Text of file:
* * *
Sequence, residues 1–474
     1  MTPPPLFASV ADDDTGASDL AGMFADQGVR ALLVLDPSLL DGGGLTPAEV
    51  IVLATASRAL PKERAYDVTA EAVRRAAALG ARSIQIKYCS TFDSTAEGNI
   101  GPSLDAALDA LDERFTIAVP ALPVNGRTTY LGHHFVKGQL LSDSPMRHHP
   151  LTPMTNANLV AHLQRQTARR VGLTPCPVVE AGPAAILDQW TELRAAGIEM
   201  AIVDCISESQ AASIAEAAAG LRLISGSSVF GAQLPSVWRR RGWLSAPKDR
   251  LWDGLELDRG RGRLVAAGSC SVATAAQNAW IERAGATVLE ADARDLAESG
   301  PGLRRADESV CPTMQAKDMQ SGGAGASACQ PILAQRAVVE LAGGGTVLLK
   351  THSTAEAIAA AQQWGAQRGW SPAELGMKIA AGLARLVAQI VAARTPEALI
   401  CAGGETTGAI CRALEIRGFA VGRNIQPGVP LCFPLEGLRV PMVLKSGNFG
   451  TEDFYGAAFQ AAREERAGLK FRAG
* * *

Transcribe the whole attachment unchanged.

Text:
Sequence, residues 1–474
     1  MTPPPLFASV ADDDTGASDL AGMFADQGVR ALLVLDPSLL DGGGLTPAEV
    51  IVLATASRAL PKERAYDVTA EAVRRAAALG ARSIQIKYCS TFDSTAEGNI
   101  GPSLDAALDA LDERFTIAVP ALPVNGRTTY LGHHFVKGQL LSDSPMRHHP
   151  LTPMTNANLV AHLQRQTARR VGLTPCPVVE AGPAAILDQW TELRAAGIEM
   201  AIVDCISESQ AASIAEAAAG LRLISGSSVF GAQLPSVWRR RGWLSAPKDR
   251  LWDGLELDRG RGRLVAAGSC SVATAAQNAW IERAGATVLE ADARDLAESG
   301  PGLRRADESV CPTMQAKDMQ SGGAGASACQ PILAQRAVVE LAGGGTVLLK
   351  THSTAEAIAA AQQWGAQRGW SPAELGMKIA AGLARLVAQI VAARTPEALI
   401  CAGGETTGAI CRALEIRGFA VGRNIQPGVP LCFPLEGLRV PMVLKSGNFG
   451  TEDFYGAAFQ AAREERAGLK FRAG